Elyssa Duncan
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What is a personality test?
Last updated: August 14, 2022
Elyssa Duncan
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What is a personality test?
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Have you ever heard of someone referring to themselves as an ENFJ or an INFP - and wondered what those cryptic-sounding letter combinations mean? Chances are they’re referring to their personality types based on their Myers-Briggs Type Indicator (MBTI) assessment results.

What is The Myers-Briggs Type Indicator (MBTI) assessment?

The Myers-Briggs Personality Type Indicator is a self-reporting personality test based on psychological attributes and is often used to sort individuals into one of 16 different “personality types.”

Based on the answers you provide in the assessment, it gives you a four-letter code that is aimed to help you learn more about yourself and understand your personality, including likes and dislikes, strengths and weaknesses, compatibility with other people, and even possible career paths!

There are various sites you can use to figure out your personality type at no cost, including 16Personalities and Truity. These tests are based on the foundation of the original Myers Briggs criteria, with a bit of a modern spin.

The 16 personality types explained

There are four main personality classifications or psychological scales that the test uses to determine a personality type. The results will pick one choice from each category to create your specific type.

1. Extraversion (E) or Introversion (I)

This is related to our flow of energy and the way we interact with those around us.

  • Extraverts prefer stimulation from events, things, and people external from them.
  • Introverts prefer self-examination and private reflection.

2. Sensing (S) or INtuition (N)

This involves the way we take in information.

  • Sensing people often use their five senses to interpret the world.
  • Intuitive people rely more on instincts, hunches, and feelings.

3. Thinking (T) or Feeling (F)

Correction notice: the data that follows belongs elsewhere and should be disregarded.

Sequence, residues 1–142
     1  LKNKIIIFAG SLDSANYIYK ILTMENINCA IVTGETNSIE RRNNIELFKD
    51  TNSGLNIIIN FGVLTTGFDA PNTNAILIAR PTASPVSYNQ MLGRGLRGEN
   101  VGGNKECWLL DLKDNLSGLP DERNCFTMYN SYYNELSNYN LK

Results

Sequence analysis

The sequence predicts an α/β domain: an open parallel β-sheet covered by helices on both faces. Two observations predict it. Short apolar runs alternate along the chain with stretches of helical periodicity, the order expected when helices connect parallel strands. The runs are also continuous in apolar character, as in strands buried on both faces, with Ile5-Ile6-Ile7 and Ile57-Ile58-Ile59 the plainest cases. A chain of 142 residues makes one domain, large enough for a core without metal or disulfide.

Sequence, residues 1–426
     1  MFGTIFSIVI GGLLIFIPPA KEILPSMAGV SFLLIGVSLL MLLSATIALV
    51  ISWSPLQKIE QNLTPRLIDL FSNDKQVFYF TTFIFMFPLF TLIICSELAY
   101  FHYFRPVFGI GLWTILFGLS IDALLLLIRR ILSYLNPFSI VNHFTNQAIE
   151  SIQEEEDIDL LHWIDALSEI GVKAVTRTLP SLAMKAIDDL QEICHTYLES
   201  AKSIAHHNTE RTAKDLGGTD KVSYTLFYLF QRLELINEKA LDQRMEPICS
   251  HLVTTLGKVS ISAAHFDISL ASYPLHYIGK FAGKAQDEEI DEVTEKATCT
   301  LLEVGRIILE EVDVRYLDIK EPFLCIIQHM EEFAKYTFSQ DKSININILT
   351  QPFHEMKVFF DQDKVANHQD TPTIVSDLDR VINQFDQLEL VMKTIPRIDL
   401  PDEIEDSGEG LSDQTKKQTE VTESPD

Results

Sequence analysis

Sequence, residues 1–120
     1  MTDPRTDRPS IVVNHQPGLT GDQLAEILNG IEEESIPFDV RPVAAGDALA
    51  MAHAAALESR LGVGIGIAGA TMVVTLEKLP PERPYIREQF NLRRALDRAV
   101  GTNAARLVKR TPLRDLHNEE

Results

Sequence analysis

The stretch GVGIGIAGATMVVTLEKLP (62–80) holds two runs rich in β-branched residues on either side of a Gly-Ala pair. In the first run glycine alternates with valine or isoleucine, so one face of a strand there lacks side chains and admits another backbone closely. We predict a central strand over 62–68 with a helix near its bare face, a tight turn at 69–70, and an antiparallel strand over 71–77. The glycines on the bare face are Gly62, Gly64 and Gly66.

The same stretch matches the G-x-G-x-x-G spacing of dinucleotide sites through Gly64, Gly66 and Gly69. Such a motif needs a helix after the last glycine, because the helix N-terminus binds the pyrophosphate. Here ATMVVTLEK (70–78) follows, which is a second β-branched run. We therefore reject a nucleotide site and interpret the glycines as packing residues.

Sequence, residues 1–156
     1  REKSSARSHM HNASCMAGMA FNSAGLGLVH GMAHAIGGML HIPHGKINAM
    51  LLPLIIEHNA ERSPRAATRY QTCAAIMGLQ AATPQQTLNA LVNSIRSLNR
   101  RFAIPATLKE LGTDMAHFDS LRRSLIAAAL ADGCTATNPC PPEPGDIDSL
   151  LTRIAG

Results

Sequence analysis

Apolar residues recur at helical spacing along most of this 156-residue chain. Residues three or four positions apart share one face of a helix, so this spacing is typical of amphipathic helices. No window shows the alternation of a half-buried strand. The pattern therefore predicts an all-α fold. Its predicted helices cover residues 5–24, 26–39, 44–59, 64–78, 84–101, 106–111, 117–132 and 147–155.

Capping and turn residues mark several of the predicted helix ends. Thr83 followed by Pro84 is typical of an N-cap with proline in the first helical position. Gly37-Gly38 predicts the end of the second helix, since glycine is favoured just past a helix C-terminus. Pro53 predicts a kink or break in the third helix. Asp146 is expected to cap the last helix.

This is how we make decisions.

  • Thinking personalities use objective criteria and logic to make decisions.
  • Feeling personalities use values and personal feelings to make decisions.

4. Judging (J) or Perceiving (P)

This indicates the way we deal with the outside world.

  • Judging people like structure, plans, and strict organization.
  • Perceiving people take a more relaxed, laid-back approach and more welcoming of change.

Each type is then listed by a combination of the four-letter choices. If you already know what your personality type is, click the links below to learn more about your type and the best job paths for you!

ISTJISFJINFJINTJ
ISTPISFPINFPINTP
ESTPESFPENFPENTP
ESTJESFJENFJENTJ

Learning about your personality can help you better understand yourself and figure out what motivates and energizes you. This insight can improve your relationship with others and help you identify and control your behaviors and work style.

The assessments are a great way to help you think about your career goals and abilities, especially those resume-boosting soft skills that are becoming increasingly important to potential employers!

Having a better understanding of your inner workings can benefit your career planning at every stage, from choosing your first job to making a career change and even figuring out which company would be best for you!

If you are interested in learning more about finding which jobs would be best for you based on your personality type, check out our Personality Based Job Search Resource Center!

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Elyssa Duncan
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Ford Simpson

Hi Elyssa,, I am the kind of person that does the opposite of what I am told. As a scientist feelings were useless. Facts and figures were paramount. Discovery of new theories that more than likely proved you wrong was common. Change was and is the norm. Proof of new things is very rewarding and necessary. I could go on but you get the idea,Ford

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Jose Pena

This is good advice. I remember taking the Myers Briggs Test at least after I graduated from college. I remember the test said I was an ISFP.

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